WASHINGTON, D.C. (Ivanhoe Newswire) - If you’ve ever watched toddlers hop, skip, jump and run then you know how much joy those simple activities bring. Developmental psychologists say when you add music and organized movement to that mix you could be working toward pre-school success by helping kids develop critical behavioral skills. Here’s more on how parents can build on those basics.
For these toddlers and their moms, singing, moving, and dancing is one of the high points of the week.
“I just like to see him enjoy himself when we get the drums out you can see his smiley face,” said parent Jois Jenkins.
Lesley Hoye is a licensed director for Music Together, a long-running music and movement program taught in 2,000 communities.
“They’re learning so many things and they don’t even know that they’re learning because it’s fun,” detailed Hoye.
Adam Winsler, PhD, a developmental psychologist at George Mason University in Fairfax, Virginia, and his colleagues studied how organized music and movement classes for three and four-year-olds’ may be related to ability to control their impulses.
“The hypothesis was that giving children lots of exercise doing this, lots of practice doing these kinds of games with music and movement gives them exercises of the self-regulatory system just like any other muscle in our body, “ explained Winsler.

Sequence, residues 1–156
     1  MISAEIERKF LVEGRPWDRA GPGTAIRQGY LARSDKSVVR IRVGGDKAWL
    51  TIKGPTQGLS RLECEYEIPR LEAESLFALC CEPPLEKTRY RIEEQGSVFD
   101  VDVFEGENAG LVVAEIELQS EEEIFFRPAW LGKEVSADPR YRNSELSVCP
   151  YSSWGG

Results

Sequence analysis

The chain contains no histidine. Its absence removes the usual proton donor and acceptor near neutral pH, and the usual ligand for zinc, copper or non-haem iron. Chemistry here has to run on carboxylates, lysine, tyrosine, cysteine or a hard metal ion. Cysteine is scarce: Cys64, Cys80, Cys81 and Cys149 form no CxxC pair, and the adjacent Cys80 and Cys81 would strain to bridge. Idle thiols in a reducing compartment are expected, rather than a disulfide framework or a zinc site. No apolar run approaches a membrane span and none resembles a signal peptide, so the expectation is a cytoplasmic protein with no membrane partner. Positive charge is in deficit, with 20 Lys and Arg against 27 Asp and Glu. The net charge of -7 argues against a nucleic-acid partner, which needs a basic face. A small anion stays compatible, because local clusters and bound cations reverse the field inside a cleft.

Researchers recruited 90 children and found those who took music and movement classes were better at delaying gratification, lowering their voices and paying attention.
Winsler told Ivanhoe, “We want them to be able to sit still and follow directions and these are critical skills for school readiness.”
Winsler said parents can look for opportunities outside class to sing and move. Bounce babies on your lap to music, learn a folk dance, or just move and sing at home.
Hoye said, “The kids start to get that routine down. They start to get those instructions and repeat it at home.”
Researchers say the children in this particular study were from mostly middle-class Caucasian families but studies among children from diverse backgrounds have found a link between music and dance and positive social skills and behaviors needed for school success.
Contributors to this news report include: Cyndy McGrath, Supervising and Field Producer; Milvionne Chery, Assistant Producer; Roque Correa, Editor and Videographer.
Produced by Child Trends News Service in partnership with Ivanhoe Broadcast News and funded by a grant from the National Science Foundation.
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